“Competitive games are irreplaceable!”

Last Sunday (20.09.20), Hertha U17’s season finally got underway – 197 days after the final game of last season. An unusual and seemingly never-ending pre-season came to a close with a successful start to the new campaign: a 4-1 victory over Holstein Kiel. Not only was the long break in football  a new experience for the players, but also the coaching team – especially in terms of managing workloads in order to reduce the injury risk of the young players. U17 fitness coach Marc Ritter explained the process behind planning for the unfamiliar pre-season.

Hi Marc, a seemingly never-ending, nine-week pre-season is behind you. As fitness coach, what do you think are the differences between this and a four or five-week pre-season? Did you focus on different areas?

Because of the coronavirus break, the intensity levels on the players were reduced significantly, therefore causing their injury risk to increase. So a main difference was that the first few weeks were all about getting the players to the right level again and protecting them from injuries. For this reason, we split our pre-season into two cycles, which is the biggest difference to a standard pre-season. In the first cycle, the main priority was to increase the players’ ability to handle the workload little by little and get the players acclimatised to training again. For this we trained at a level lower than the maximum load. The amount we trained was dictated by the increase in intensity. We also introduced measures to influence the players’ ability to handle the workload, such as diet and nutrition guidelines, muscle tissue care, targeted control of individual muscles and muscle groups, mobilisation and stabilisation exercises and targeted strength training. The players’ regeneration was also checked at regular intervals. In the second cycle, we increasingly trained at the upper intensity range. This phase was quite similar to a usual pre-season.

Nine weeks of pre-season and a coronavirus break – the time off between competitive games was unusually long. How did you manage to keep the players in good spirits?

During the coronavirus break we tried to do that by carrying out live workouts over Zoom or Instagram, in addition to targeted training plans. Also, the daily Academy Challenge on our Instagram channel @herthabubis was a big help. In general, both in the coronavirus break and in the long pre-season, we have constantly tried to make the players aware of the importance of individual actions, so that they understand why certain elements of training are very important. In doing so, we can carry them out with conviction, motivation, and pride.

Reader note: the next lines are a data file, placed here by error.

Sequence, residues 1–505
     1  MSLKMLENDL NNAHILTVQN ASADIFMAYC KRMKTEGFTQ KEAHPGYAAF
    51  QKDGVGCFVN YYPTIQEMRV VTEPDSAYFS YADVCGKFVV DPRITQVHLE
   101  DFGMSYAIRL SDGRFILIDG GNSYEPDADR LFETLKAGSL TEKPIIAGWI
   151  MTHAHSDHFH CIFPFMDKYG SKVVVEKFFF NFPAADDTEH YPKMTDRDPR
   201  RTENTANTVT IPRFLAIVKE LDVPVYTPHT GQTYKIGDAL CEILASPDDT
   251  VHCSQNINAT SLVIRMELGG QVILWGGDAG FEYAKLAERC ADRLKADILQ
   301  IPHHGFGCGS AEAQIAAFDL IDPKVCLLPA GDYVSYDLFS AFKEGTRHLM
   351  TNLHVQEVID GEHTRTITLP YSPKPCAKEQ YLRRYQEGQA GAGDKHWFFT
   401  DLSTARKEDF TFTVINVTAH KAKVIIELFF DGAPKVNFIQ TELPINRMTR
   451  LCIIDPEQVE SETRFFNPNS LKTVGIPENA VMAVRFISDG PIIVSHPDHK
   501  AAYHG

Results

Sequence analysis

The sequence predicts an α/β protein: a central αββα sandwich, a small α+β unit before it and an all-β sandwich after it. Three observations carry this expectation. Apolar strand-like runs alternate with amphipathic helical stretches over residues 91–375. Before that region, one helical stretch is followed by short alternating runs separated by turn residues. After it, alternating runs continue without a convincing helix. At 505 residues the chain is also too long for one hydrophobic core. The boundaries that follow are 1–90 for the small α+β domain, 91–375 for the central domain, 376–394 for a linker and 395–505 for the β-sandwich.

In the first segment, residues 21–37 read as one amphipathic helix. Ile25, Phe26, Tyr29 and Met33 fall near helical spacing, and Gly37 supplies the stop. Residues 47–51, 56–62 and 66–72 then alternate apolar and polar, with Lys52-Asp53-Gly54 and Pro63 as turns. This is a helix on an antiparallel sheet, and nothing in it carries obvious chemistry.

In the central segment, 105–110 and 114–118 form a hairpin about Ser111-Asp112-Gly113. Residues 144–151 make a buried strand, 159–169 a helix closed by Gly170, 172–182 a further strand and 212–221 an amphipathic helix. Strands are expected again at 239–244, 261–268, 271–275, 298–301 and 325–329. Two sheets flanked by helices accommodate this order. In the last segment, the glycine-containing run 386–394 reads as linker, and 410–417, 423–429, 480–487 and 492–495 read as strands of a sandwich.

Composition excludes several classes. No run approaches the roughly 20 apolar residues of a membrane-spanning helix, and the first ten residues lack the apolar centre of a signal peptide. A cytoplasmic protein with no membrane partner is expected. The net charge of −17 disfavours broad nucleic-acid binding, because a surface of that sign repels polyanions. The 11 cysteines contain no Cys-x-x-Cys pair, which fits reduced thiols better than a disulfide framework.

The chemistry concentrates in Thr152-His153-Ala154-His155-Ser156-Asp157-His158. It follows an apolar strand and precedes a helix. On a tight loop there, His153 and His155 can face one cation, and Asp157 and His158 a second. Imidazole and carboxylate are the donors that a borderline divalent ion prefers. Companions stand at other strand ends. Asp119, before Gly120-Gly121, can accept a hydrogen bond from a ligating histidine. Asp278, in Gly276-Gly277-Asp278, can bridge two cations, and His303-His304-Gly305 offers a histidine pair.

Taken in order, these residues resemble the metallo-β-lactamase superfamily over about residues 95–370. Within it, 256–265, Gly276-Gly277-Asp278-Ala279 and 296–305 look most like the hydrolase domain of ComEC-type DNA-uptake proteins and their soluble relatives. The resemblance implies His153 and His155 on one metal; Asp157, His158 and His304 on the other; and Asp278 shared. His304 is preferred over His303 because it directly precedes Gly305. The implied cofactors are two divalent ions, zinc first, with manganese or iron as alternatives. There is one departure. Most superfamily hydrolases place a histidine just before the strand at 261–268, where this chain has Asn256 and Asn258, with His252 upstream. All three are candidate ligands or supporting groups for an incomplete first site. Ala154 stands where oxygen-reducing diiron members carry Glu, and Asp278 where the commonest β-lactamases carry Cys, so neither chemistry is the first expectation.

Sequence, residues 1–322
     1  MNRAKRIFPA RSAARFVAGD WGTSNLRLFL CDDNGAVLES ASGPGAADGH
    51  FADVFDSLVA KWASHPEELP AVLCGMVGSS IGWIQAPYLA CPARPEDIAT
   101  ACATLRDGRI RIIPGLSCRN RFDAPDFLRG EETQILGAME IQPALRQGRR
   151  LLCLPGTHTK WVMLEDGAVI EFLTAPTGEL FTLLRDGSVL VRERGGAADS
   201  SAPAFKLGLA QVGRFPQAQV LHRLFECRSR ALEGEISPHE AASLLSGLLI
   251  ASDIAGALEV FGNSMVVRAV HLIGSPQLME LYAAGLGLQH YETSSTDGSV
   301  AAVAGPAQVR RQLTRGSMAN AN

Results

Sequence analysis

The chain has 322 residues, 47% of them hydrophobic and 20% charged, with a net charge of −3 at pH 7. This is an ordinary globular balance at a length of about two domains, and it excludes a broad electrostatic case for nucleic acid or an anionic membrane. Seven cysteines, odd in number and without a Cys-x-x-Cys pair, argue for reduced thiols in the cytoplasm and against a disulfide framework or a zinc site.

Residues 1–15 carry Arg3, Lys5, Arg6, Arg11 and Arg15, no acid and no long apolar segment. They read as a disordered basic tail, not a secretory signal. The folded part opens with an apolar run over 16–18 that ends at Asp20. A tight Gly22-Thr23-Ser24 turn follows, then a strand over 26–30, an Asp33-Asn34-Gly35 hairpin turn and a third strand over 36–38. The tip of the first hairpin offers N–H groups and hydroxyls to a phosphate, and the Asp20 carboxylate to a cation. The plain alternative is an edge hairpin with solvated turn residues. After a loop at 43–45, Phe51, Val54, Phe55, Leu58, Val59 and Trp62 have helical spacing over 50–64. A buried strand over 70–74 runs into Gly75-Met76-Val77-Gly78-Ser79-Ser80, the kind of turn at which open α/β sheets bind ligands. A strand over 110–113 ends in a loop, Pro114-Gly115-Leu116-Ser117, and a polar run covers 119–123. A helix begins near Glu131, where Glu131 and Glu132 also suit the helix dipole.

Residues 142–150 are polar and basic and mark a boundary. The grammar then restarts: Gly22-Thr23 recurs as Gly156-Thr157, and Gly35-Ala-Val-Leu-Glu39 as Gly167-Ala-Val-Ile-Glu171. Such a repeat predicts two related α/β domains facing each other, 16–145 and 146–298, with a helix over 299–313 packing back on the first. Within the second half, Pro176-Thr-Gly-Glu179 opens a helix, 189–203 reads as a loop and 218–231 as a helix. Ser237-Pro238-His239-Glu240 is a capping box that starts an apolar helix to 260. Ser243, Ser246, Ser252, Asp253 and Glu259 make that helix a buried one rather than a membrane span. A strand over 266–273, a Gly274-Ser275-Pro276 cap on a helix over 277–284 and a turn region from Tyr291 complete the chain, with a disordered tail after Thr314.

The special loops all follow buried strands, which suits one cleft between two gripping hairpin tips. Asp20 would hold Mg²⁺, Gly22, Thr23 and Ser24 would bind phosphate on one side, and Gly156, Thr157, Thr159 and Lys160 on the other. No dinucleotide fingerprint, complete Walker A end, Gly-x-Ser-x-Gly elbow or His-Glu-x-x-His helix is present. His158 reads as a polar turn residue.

The competitive games are back now. Are you expecting an increased injury risk after such a long break?

Of course we have to keep the coronavirus break in mind after the successful start of the season last weekend, because there will very likely be one or two players who aren’t currently at the same level as they were before the break. Obviously, that can be reflected in a player’s injury susceptibility too. Currently we only have one player unavailable – due to a back injury. However, he can train normally but is accompanied during training. Apart from that, everyone is fit, which is great for us as we have no selection issues. Obviously we will try and keep it that way through targeted individual programmes and regenerative training. We are always in discussion about that among ourselves as the coaching team and have a lengthy meeting about individual players every week.

To what extent will your work as a fitness coach change during the season in comparison to pre-season?

A big difference is in the different workload during the week. Individual training sessions are all geared towards getting the players in the best possible condition for matchday. Optimal regeneration management plays a really big role in that.

What are the areas of focus for fitness coaching during the season?

We always try to increase the players’ ability to handle workload and their performance levels, because the players are continuously developing and we have to continue pushing that during the season. However, you can never forget about making sure they are in the best condition for matchday. Only then can they fulfil their potential on the pitch, because you can’t replicate the competition itself and matches at the highest level – they offer the best opportunity for the development of any player.